Sabot L'ours (sabotlours) wrote,
Sabot L'ours
sabotlours

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Data and media

I purchased a 500MB memory stick to transfer data from my dying computer to my work computer. I hadn't realized that my work computer had a 100GB drive. Once my home computer is back up and healthy, I'll transfer everything back. I have to do it quick because there might be some furry pr0n amongst the hundreds of copied files. All of the transferring of files and such got me thinking about the nature of information and data transfer. For every 2 steps forward in technology there is always a step back.

I had mentioned that I visited the Getty Museum last week. I was amazed that there were documents on display that were hundreds of years old. You realized that if someone wanted a copy of that manuscript, some monk probably hand-copied it to another parchment. The transfer of information was very slow. But the "data" survived! You could still read it 600 years later! You then realize that this document was probably the exception, not the rule. Paper doesn't survive very well. It is easily destroyed by fire, water, insects, and time itself. Stone is better material for preserving data. You can still read the text of the Egyptians and the Mayans, but it's not a readily portable media. And it too can wear with time.

There was a speech about movie preservation at the Oscars last night. I have seen documentaries about how unstable film is, especially early celluloid. Many movies made just 100 years ago have turned to goo in their cans. I even saw that "Star Wars" had deteriorated significantly before it was restored.

So now we are in the digital age. We can send data around the world to millions of people in seconds! And the data is portable too! Memory sticks and cards! CD's! DVD's! Even good old 3.5" floppies! These are all vast improvements to stacks of cards or reels of magnetic tape. I read a story about NASA on how they took all of their Apollo flight data which had been stored on tape and converted it to cd's. It went from a data room to a data shelf. But with the advancements come the drawbacks.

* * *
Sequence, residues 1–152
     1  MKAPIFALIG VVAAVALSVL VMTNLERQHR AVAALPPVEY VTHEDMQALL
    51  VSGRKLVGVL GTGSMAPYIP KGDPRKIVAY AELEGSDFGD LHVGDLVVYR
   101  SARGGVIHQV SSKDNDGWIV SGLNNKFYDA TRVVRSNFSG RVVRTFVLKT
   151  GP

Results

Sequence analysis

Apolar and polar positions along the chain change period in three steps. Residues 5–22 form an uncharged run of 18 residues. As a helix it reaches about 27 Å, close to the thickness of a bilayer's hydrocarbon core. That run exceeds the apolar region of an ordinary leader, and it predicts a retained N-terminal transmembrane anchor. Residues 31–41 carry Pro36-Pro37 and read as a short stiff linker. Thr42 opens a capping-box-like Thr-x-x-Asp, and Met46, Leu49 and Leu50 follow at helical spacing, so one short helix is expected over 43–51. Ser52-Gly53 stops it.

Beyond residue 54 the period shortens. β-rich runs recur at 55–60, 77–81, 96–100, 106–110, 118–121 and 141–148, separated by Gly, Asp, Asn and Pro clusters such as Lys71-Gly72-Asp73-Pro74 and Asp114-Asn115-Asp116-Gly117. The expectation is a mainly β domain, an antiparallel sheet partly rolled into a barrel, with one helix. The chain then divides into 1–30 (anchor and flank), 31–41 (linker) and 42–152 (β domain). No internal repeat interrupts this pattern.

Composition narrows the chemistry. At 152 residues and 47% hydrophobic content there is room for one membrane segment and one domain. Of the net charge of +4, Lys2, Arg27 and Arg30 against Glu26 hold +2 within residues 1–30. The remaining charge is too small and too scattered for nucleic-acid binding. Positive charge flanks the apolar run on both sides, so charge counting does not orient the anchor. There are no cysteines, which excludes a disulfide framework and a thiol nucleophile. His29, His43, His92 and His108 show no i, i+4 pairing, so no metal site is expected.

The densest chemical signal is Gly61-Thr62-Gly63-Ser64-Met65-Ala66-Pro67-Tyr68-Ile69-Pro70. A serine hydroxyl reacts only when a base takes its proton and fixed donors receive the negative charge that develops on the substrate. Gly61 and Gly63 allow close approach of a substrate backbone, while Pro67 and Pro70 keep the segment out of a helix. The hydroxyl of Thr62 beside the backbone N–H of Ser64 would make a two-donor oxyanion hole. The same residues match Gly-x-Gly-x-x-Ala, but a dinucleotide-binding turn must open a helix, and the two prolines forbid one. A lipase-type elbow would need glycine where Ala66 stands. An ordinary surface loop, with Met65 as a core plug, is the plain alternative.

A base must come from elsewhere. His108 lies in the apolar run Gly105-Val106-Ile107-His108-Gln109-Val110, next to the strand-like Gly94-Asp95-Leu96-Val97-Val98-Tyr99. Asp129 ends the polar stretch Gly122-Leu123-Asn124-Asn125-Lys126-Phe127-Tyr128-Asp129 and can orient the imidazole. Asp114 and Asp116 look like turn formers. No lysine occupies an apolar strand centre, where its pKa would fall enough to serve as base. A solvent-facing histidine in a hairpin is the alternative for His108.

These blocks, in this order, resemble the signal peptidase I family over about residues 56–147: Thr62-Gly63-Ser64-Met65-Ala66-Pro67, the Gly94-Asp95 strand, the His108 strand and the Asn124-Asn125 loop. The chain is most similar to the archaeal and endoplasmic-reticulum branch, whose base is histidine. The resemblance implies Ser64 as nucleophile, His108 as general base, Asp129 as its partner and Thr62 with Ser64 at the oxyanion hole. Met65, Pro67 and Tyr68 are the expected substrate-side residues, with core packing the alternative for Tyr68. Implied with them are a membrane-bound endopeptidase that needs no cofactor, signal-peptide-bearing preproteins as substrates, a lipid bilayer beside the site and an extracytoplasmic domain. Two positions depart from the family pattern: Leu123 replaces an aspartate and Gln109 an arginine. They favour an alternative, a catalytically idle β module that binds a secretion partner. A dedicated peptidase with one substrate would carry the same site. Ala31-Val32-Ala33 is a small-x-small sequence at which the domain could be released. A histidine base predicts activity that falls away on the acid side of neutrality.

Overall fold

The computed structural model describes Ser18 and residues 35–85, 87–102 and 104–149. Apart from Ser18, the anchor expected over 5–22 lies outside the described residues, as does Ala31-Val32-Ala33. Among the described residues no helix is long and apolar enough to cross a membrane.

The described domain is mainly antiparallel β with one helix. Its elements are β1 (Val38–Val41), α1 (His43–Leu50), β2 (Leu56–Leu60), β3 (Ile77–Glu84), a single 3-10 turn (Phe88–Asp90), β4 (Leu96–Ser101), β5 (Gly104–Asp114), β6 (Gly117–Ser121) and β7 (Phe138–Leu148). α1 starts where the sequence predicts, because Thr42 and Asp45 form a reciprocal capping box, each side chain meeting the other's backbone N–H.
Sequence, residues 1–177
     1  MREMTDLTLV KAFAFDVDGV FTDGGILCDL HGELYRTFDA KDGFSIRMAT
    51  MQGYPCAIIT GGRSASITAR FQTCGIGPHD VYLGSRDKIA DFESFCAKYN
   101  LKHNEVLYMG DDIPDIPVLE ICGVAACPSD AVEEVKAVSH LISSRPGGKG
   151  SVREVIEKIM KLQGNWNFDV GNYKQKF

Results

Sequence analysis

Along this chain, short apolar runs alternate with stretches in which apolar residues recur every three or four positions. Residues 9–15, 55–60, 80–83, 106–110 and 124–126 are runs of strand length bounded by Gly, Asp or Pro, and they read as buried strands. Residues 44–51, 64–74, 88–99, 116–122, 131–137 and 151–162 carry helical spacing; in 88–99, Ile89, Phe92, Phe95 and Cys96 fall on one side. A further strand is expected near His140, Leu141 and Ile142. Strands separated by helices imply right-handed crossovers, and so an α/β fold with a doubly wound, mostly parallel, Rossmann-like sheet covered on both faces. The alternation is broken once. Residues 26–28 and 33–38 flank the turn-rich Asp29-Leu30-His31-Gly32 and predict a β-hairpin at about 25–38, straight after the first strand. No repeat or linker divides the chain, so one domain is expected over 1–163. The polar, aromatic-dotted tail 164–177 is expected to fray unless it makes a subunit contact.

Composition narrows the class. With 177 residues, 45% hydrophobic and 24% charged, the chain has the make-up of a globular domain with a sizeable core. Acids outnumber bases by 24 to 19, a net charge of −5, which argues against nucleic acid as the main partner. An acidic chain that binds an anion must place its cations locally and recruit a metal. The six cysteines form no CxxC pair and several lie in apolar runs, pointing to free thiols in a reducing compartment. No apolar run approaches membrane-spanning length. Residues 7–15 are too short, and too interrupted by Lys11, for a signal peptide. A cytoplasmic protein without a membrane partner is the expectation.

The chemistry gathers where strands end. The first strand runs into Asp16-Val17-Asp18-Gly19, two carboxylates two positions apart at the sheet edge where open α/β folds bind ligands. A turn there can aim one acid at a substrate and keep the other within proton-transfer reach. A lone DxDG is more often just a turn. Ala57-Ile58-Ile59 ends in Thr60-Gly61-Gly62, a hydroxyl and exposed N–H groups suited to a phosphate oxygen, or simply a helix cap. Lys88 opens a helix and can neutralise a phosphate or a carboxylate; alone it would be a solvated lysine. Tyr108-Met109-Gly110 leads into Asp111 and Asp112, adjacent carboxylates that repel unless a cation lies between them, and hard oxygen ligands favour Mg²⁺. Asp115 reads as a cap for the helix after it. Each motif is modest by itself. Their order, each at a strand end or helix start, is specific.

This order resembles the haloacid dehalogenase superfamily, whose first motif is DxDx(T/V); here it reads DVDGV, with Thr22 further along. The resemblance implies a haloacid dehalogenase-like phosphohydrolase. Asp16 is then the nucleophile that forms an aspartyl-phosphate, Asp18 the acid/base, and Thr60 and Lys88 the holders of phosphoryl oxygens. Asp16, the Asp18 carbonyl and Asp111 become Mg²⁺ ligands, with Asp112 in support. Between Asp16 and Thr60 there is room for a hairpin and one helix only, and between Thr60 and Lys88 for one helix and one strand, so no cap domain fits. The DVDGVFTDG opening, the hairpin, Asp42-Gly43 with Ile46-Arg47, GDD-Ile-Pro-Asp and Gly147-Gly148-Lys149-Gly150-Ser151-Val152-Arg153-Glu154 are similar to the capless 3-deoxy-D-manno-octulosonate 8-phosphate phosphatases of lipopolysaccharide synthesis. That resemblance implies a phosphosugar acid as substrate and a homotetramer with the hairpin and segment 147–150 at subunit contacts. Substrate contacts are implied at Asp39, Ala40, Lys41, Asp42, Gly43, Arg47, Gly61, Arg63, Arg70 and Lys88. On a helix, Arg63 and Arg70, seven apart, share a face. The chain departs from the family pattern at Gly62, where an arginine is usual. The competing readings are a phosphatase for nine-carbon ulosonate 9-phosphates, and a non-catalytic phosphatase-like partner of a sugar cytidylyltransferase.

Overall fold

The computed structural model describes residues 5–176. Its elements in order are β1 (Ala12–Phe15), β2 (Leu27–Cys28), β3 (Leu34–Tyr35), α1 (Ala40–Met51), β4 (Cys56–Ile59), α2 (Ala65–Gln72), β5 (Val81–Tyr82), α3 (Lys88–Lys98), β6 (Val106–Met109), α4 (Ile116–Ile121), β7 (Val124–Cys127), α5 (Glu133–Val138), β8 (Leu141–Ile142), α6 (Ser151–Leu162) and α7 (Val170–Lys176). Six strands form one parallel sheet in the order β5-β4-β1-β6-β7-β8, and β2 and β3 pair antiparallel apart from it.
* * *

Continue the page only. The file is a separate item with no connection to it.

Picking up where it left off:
I still have a stack of 5.25" disks that I purchased just 10 years ago. They are for all intents and purposes worthless. I keep my old machine around because I still have a 5.25" drive on it. 3.5" disks are also going the way of the dinosaur. And the new machines can barely talk to the old machines. And so we are forced to keep upgrading our technology to keep pace. If a step gets missed, there is great potential for losing what we have. I can pull out photo albums and look at pictures I took 30 years ago. If I had stored digital pictures on a floppy disk, I might have lost those images forever. Right now I have several cd's burned of all the digital images I have taken. What if cd's become obsolete in 10 years? Or what if cd technology changes? I tried to view the pictures on my old pc. It didn't recognize a burned cd.

And so it appears to me that the amount of data out there is huge! We can fit the knowledge of an encyclopedia on a few disks. At the same time it appears that the data is also just as fragile as it has always been and can be lost incredibly easily.
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